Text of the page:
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Loyalty first, now challenge begins at Home

HOME Building Society members have demonstrated that there really is no place like home, placing $12 million into the society in its recent move to become a public company. The response resulted in the early closure of the issue, before it was made available to the general public.

In response, an elated Home chairman Bernard Wright stated: “We are not surprised at the response by members, who have always been loyal to Home. The support highlights the recognition of the high quality of personalised service to its customers that Home has become renowned for during its 55 years.”

Disgruntled former bank customers have repaid loyalty with loyalty, but the challenge now is for Home to maintain that loyalty as it operates under a different business model, one in which the shareholder, not the customer, is king.

Home has been able to maintain member loyalty through greater services and more accessibility, but it doesn’t come cheaply.

Figures produced by KPMG show that, while costs-to-income ratio for Australia’s building societies improved to an average 75.20 per cent, Home’s rate went the other way, rising from 75.6 per cent in 1996 to 84.5 per cent in 2000. By contrast, the big banks have reduced their operating costs compared with operating income from 63.2 per cent to just 55.3 per cent. ANZ operating costs are just 47.3 per cent of income.

At the time of the report’s release, in October last year, KPMG financial services head Peter Nash warned that building societies and credit unions had to continue to differentiate their products and services.

“If they try to be all things to all customers in terms of product, but without any point of differentiation, they’ll just become one of the pack and fade behind the banks,” Mr Nash said.

But with a new stakeholder in the picture, albeit one that is currently also a customer, profits will be demanded and directors will have to look at reducing their efficiencies to provide a strong return to shareholders, he said.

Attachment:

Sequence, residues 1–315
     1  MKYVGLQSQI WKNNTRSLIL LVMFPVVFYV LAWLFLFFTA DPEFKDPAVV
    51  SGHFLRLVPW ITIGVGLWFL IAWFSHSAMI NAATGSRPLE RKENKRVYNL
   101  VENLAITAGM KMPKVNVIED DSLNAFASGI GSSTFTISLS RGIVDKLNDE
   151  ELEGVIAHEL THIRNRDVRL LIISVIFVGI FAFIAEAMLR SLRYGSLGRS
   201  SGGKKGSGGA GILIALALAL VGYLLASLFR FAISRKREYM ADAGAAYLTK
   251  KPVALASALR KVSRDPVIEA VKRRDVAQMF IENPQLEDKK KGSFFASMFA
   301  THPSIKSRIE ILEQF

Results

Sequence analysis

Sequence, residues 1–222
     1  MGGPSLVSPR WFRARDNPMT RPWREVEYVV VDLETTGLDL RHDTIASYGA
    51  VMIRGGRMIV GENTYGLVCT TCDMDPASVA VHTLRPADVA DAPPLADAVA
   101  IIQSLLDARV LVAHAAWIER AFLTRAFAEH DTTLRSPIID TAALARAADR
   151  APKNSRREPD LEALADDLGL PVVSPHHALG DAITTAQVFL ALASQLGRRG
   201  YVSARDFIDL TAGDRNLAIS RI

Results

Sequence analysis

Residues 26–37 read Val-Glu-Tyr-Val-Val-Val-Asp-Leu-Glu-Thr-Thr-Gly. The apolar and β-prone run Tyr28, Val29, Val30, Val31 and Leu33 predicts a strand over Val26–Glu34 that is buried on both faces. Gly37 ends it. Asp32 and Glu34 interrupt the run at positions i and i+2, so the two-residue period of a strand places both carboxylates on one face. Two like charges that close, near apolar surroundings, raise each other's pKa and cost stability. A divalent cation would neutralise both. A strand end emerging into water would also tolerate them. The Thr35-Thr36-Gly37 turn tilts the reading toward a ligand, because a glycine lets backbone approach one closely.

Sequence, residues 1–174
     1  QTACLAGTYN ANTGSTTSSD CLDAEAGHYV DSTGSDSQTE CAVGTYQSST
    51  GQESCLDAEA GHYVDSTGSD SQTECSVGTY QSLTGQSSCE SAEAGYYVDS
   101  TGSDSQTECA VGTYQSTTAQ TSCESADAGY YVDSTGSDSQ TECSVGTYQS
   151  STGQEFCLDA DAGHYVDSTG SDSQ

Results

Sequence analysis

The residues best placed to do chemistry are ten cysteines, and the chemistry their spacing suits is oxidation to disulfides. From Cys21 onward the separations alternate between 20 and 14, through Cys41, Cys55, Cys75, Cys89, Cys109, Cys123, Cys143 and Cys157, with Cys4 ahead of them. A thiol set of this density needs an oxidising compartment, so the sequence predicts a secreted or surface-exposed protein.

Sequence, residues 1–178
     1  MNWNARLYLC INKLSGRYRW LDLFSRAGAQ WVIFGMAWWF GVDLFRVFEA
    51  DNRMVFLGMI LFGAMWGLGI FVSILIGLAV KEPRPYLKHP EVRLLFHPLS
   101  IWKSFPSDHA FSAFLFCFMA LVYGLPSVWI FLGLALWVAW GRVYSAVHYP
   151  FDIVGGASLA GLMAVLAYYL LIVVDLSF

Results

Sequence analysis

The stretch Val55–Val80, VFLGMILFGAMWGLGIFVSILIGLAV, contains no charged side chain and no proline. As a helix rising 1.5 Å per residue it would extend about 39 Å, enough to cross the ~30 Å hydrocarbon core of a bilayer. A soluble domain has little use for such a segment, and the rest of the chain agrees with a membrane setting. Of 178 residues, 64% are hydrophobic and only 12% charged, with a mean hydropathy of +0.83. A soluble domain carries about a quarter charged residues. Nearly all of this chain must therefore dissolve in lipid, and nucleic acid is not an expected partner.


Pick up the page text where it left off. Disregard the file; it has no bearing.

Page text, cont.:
DJ Carmichael industrial analyst Justin Stewart said that, with the changeover to a public company, the profit distribution changed from customer to shareholder.

“What will happen to building societies is that, over the next 12 to 18 months, you will see that many of the benefits that used to flow through to members will begin to flow through to shareholders,” Mr Stewart said.

He said the drive for shareholder return could cause some difficulties for Home.

“If they take those services away then they are going to lose their customer loyalty, and the whole thing that the building society is built on,” Mr Stewart said.

But the main challenge facing Home, Mr Stewart believes, is the size of the society and its subsequent bearing on costs. Consolidation was necessary to gain efficiencies and to get their costs down, he said.

Tying into the services of a bank also could be a possibility, with Mr Stewart putting Adelaide Bank forward as a possible takeover contender.

Banks have in recent years proved highly competitive in the home loan market.

With its traditional market under pressure, Home has resorted to seeking other revenue streams.

Involvement in housing developments has been the answer, with around 40 per cent of Home’s profit coming from direct investments in real estate.

Home CEO Jim Freemantle acknowledges that Home’s traditional heavy reliance on the housing industry, could put it under pressure in the next year if the housing industry falls from its current high.

“Certainly we will see some levelling off in the next six months, but I don’t think we have overbuilt here, so we expect to be able to continue on reasonably well,” Mr Freemantle said.

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